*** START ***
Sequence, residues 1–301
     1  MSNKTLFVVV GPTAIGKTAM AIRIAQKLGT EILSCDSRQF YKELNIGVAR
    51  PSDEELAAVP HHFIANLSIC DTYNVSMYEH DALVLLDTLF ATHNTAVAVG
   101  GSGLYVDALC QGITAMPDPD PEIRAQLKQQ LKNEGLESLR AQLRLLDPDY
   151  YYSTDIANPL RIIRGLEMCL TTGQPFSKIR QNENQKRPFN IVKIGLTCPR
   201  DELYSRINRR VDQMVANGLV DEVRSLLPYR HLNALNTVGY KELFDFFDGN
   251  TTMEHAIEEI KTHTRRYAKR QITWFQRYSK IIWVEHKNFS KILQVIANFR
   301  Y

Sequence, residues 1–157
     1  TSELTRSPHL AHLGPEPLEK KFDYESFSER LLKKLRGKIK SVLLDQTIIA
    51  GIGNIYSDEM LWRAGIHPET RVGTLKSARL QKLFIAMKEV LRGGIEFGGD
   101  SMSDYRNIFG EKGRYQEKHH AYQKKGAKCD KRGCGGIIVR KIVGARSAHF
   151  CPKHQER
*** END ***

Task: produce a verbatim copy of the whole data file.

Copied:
Sequence, residues 1–301
     1  MSNKTLFVVV GPTAIGKTAM AIRIAQKLGT EILSCDSRQF YKELNIGVAR
    51  PSDEELAAVP HHFIANLSIC DTYNVSMYEH DALVLLDTLF ATHNTAVAVG
   101  GSGLYVDALC QGITAMPDPD PEIRAQLKQQ LKNEGLESLR AQLRLLDPDY
   151  YYSTDIANPL RIIRGLEMCL TTGQPFSKIR QNENQKRPFN IVKIGLTCPR
   201  DELYSRINRR VDQMVANGLV DEVRSLLPYR HLNALNTVGY KELFDFFDGN
   251  TTMEHAIEEI KTHTRRYAKR QITWFQRYSK IIWVEHKNFS KILQVIANFR
   301  Y

Sequence, residues 1–157
     1  TSELTRSPHL AHLGPEPLEK KFDYESFSER LLKKLRGKIK SVLLDQTIIA
    51  GIGNIYSDEM LWRAGIHPET RVGTLKSARL QKLFIAMKEV LRGGIEFGGD
   101  SMSDYRNIFG EKGRYQEKHH AYQKKGAKCD KRGCGGIIVR KIVGARSAHF
   151  CPKHQER